Universal soldiers, Egyptian mummies


CLICHES of universality and patterns that unsettle. Confidant, a work in acrylic on board, by Peter Mammes. Photograph courtesy Daville Baillie Gallery.

ANIMAL FARM. TWO words which conjure up a quirky engagement with political horror, as they refer to one of the more important tracts of contemporary literature. Peter Mammes, in his current exhibition, It’s Already Too Late Once the Soldiers Have Arrived, touches on the kind of wisdom and predictions in George Orwell’s 1945 parable. And it seduces you, visually, into a hard-edged, complicated universe where the value of lines is equidistant and the closer you look, the more the images and references chill your blood.

When first you enter the multi-levelled gallery space in the newish arts collective space in Lorentzville, you’re struck by the work ethic that pervades Mammes’s oeuvre. These drawings, paintings and sculptures are extremely finely crafted with tight lines and carefully intersecting patterns. There’s a rhythm to the compositions which might make you think of early work by Ryan Arenson, or the murals of Diego Rivera.

These sophisticated pieces in acrylic on board, ink on architect’s paper and cast epoxy resin are completely seductive in the melding of three dimensional content with two dimensional background that they offer. There’s a heady engagement with what makes certain patterns speak of Eastern culture and others speak of Western, church oriented values; Mammes is not afraid to grapple with the mix and muddy it ideologically, resulting in something that you need to gaze at carefully to unpick why they unsettle you.

And unsettle you, they do. Politically. Culturally. Ideologically. That is the kernel of what Mammes is doing here, and why you may think of Rivera and his overtly political murals. The secrets in these works are hidden in plain sight. There is no discrimination between tones and the line work is almost mechanical in how the images evolve. But the closer you look, the more you may think of the early silkscreens of Steven Cohen or the photomontages of European Dadaists of the ilk of John Heartfield or Hannah Höch, which brought together a morass of beauty and horror in patterns to mess with your head and values.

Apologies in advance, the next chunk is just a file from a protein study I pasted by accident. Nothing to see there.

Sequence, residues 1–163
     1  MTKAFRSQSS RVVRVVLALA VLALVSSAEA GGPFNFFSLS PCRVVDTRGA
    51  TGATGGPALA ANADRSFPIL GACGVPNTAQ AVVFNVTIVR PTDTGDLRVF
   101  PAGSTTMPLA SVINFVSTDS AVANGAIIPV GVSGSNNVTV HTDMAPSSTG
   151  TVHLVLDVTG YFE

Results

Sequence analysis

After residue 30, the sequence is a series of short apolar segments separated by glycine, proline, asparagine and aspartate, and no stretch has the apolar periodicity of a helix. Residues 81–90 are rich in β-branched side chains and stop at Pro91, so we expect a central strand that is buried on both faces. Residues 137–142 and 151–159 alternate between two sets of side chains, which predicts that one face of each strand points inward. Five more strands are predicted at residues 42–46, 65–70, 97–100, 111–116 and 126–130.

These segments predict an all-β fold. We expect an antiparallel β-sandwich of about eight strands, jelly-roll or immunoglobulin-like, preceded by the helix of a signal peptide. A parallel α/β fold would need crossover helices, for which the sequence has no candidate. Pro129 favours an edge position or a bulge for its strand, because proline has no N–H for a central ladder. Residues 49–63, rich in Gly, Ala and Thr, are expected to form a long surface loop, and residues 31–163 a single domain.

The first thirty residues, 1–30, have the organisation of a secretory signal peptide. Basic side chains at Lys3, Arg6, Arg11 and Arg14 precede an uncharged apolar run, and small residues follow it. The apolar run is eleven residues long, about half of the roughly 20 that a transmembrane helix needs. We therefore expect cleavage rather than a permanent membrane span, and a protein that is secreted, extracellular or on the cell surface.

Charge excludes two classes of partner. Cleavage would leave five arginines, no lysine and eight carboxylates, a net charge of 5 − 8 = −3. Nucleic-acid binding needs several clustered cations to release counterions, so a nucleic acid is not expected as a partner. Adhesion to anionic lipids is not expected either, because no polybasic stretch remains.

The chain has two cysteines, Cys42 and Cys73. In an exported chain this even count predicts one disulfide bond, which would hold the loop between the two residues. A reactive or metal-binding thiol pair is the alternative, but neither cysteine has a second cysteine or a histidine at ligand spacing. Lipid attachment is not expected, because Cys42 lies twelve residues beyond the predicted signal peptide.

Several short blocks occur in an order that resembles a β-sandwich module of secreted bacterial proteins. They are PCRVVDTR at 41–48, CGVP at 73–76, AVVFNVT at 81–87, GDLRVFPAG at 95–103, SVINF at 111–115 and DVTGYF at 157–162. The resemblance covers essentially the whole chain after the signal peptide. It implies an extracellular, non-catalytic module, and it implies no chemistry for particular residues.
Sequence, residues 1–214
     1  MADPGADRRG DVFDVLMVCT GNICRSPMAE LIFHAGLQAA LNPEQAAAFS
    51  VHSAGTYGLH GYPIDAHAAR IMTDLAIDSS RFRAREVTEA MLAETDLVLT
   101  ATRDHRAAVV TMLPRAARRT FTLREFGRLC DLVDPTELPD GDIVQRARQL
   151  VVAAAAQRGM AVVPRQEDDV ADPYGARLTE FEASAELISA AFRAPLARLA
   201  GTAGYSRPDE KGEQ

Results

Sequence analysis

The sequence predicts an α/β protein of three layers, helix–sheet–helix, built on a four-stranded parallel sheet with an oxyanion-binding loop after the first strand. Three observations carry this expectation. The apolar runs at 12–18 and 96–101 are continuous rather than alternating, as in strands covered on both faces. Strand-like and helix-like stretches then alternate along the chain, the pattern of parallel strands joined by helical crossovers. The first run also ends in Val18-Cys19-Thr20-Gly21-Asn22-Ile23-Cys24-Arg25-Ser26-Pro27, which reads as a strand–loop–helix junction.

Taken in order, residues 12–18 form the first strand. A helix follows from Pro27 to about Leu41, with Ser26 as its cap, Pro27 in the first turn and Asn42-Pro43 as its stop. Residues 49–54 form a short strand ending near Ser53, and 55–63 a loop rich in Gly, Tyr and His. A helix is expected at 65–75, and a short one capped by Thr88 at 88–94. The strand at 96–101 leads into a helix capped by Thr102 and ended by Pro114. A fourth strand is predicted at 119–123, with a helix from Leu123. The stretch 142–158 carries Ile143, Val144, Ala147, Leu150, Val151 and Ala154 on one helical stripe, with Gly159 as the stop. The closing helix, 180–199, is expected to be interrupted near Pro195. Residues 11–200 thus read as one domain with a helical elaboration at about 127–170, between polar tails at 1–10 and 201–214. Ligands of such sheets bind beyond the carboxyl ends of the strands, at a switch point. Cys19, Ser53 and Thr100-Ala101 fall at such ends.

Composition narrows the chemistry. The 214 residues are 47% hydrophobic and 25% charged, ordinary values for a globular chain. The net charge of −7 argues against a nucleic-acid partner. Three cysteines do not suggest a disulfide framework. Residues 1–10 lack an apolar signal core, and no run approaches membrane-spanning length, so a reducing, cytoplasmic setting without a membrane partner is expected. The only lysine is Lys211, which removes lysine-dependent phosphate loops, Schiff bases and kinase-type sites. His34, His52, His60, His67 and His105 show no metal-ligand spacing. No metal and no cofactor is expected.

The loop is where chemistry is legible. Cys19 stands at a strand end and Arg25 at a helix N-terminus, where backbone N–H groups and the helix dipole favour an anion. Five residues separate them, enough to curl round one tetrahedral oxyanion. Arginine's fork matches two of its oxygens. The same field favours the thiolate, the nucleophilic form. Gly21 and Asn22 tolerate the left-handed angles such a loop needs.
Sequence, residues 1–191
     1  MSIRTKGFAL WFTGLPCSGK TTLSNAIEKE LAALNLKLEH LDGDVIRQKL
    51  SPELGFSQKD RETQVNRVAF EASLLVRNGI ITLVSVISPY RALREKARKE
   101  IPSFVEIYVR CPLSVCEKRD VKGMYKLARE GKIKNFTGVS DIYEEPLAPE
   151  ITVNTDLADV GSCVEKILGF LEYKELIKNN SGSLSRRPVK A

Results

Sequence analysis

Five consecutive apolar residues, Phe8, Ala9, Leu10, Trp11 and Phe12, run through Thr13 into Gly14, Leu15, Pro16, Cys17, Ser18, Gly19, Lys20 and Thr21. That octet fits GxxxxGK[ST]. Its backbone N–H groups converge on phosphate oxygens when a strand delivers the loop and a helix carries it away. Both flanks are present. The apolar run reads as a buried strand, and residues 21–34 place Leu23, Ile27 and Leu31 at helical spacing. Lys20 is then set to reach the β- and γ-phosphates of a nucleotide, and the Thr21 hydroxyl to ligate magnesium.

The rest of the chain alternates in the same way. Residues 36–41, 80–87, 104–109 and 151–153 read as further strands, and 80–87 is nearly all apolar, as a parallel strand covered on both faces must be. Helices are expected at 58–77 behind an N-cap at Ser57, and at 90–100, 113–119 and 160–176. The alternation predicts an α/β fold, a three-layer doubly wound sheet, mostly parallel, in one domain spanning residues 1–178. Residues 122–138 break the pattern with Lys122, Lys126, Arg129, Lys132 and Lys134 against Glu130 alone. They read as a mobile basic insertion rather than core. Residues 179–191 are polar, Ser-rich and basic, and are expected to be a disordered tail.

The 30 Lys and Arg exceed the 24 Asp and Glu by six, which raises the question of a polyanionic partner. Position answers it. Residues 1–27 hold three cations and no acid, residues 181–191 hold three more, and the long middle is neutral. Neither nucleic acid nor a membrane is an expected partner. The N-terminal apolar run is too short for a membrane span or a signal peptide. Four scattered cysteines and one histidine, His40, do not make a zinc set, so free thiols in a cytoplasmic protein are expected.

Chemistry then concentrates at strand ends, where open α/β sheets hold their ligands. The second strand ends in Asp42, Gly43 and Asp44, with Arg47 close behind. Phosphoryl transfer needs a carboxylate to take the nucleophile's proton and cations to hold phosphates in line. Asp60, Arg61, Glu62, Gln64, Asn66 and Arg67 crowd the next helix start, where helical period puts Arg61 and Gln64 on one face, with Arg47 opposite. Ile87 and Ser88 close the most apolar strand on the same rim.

The concatenation of energy and references that Mammes brings you, sucks you into a miasma of universal identity-less soldiers and zoological specimens, the clichéd image of a grown man listening to the cries of a small child and other repeated motifs.

The violence of these motifs is implicit in their associations, not the manner in which they’ve been handled, and the work, with one exception, takes on the ominous mantle of imminent war with a universal hand that never becomes generalised.

The exception is the piece which bears the face of Stalin. This easily recognisable icon of violent Russian history immediately collapses the more threatening horror of this work’s premises into a context which might make you feel able to contain it. The more universal pieces reach out into the ether to fiddle with wars not yet detonated.

And that Stalin piece is the one that forces the work away from the flavour of George Orwell. The seductive and parabolic magic of Animal Farm is its unstated association with real characters.

Having said that, this is an extraordinary exhibition which should not go unvisited. The works are tough, yet fresh. Important for our times, yet not preachy. Easy to look at, yet difficult to internalise.

  • It’s already too late once the soldiers have arrived by Peter Mammes is at the Daville Baillie Gallery, Victoria Yards in Lorentzville, until October 24. Call 061-466-0541.

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